[Tweet "Preparation leads to preparedness #athletes #anxiety"]
The circumstances are neutral. We place the value on them and we assess our ability to meet the demands, therefore our mentality is a choice. We need to practice positive thinking. Having prepared for intensive situations by engaging in cognitive practices and attending to physical arousal will cultivate your athletes’ confidence going into and during competitions. This is partly why physical practice is so important- the feeling of being prepared is real. The flip side of that is you can practice until you are blue in the face but if you don’t go into competition with the mindset that you are prepared, that preparation was all for nothing. So, what can be done to ensure your athletes have the tools they need to execute when the pressure is on?
Athletes should identify their optimum level of arousal—where physical arousal is at an ideal level and their thoughts are positive and focused on the present. This will differ for every athlete as a golfers’ optimal physical arousal is likely different from a defensive lineman in football. What is important is that the athlete feels energized for their competition and their thoughts are positive and focused. This takes practice. Paying specific attention to one’s thoughts and physical signs before practices, matches, and any other time circumstances lead to heightened arousal, is essential to determining optimal arousal.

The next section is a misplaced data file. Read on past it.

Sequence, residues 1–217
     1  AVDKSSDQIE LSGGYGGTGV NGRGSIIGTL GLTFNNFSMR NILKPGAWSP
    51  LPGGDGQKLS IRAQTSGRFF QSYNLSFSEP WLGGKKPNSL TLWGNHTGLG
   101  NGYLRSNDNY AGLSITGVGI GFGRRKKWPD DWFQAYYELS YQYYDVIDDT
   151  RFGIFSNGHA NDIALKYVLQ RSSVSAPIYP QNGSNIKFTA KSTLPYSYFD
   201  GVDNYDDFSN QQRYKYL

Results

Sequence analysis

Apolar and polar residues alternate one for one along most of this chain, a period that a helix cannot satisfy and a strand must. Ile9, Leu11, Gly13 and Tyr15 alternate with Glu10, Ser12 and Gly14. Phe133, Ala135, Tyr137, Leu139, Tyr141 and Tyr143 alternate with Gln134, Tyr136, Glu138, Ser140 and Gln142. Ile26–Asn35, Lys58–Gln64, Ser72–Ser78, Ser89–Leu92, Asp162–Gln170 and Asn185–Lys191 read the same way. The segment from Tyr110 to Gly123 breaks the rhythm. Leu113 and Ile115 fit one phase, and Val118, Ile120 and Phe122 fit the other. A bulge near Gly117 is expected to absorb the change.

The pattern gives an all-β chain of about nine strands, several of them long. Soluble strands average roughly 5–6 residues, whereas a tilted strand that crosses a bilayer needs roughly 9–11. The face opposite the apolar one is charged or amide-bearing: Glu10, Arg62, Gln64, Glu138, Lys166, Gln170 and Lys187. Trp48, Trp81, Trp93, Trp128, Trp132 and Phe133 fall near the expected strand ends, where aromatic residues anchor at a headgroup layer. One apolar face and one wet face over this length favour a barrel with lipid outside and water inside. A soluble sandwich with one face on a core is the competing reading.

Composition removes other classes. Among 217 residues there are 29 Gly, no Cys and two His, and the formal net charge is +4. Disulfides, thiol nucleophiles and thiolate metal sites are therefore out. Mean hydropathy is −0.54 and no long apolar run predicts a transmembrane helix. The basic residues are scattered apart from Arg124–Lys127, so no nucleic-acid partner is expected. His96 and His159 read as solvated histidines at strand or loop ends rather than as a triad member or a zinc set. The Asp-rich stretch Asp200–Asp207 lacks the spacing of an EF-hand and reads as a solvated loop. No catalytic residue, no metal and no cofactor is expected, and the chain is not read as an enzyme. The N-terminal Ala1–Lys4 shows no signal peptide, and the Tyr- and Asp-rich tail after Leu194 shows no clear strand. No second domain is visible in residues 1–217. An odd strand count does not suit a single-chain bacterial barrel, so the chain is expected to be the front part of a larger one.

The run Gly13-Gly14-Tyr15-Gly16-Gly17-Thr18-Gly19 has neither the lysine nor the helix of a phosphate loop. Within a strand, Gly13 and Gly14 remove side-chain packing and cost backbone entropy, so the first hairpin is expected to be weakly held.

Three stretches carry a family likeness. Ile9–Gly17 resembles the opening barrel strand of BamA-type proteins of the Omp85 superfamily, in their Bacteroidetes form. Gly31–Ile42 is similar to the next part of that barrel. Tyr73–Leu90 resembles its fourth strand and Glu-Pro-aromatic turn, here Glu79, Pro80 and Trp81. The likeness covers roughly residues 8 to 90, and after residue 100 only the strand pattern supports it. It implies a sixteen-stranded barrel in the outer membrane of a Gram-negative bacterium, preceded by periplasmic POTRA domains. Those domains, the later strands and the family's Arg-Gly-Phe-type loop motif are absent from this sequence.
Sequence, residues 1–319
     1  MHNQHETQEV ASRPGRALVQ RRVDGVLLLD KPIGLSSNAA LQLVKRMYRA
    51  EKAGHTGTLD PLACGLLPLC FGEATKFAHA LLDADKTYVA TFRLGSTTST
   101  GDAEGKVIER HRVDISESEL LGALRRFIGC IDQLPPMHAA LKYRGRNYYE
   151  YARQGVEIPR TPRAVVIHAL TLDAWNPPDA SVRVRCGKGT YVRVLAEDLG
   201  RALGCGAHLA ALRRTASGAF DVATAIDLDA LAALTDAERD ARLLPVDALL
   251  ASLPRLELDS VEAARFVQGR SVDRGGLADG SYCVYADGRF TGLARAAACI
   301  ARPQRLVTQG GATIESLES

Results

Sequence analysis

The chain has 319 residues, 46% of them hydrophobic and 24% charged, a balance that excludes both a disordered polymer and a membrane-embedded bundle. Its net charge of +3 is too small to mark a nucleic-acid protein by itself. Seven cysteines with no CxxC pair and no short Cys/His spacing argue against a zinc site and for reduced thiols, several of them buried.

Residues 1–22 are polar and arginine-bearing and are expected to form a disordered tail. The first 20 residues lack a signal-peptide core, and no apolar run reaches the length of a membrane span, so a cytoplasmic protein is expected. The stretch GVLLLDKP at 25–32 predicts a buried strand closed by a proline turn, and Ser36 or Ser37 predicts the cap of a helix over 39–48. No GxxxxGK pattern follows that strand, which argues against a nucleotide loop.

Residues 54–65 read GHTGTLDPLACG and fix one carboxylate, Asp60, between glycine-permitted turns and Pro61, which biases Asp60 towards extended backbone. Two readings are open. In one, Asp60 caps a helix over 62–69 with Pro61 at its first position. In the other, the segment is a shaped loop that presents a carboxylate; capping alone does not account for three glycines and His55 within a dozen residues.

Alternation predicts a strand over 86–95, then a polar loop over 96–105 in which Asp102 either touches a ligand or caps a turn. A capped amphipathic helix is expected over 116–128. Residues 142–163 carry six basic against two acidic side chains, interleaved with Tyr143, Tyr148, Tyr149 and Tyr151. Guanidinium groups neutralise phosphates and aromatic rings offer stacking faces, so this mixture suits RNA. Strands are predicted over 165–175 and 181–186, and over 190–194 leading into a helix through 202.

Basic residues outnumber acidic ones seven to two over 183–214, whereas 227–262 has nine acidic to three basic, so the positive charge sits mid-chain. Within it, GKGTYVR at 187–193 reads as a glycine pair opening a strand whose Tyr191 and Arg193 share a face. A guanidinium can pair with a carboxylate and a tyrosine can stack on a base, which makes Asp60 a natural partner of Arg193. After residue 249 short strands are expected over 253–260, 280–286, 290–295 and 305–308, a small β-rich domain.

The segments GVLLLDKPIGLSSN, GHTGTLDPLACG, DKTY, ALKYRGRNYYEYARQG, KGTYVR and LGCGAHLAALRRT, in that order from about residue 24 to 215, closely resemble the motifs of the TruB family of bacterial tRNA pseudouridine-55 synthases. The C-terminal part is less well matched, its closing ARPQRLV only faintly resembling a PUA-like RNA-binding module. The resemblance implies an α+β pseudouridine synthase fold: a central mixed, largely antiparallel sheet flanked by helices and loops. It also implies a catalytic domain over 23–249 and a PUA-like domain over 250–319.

As we develop, the more we use the pathways in our brains, the more our brain tries to make their use more efficient. Our brain is wired with pathways that fire faster and faster with repetition (also known as neuroplasticity). Therefore, engaging in cognitive strategies to make positive thoughts and positive thinking readily available can be an effective way to stop anxious and negative thinking before, but especially during competition. This can be done by establishing a list of:
By establishing these sources of positivity, picking a few to recite regularly, day in and day out—and especially before going into and during practices and smaller competitions—you can access positive thinking faster and more easily and break the cycle of negative thinking suffered by Anxious Andy. Note: The principle of brain development and the Super Highways that come from repeated use of thoughts also applies to behaviors and emotions. Therefore how you practice, physically and mentally, will be likely to translate to how you play.
Remember it’s our perception of our ability to meet the demands of a situation that causes our anxiety. So then, by changing the perceived gravity of the situation, the demands will seem lessened, which will lead to feeling more capable of meeting those demands. Potential types of reframing statements could include:
By engaging in these strategies, athletes will be able to identify their optimal arousal level both mentally and physically and then have the tools to deal with the stressors that will inevitably arise. No athlete will need to utilize every single tool we suggested but all athletes can benefit from implementing some of the following into their existing routines.
Both anxiety and confidence are perceptions. Be intentional about employing strategies to cultivate confidence and axe anxiety today so that your athletes are fully prepared, mentally and physically, for the ‘game-winning pitch’ of tomorrow.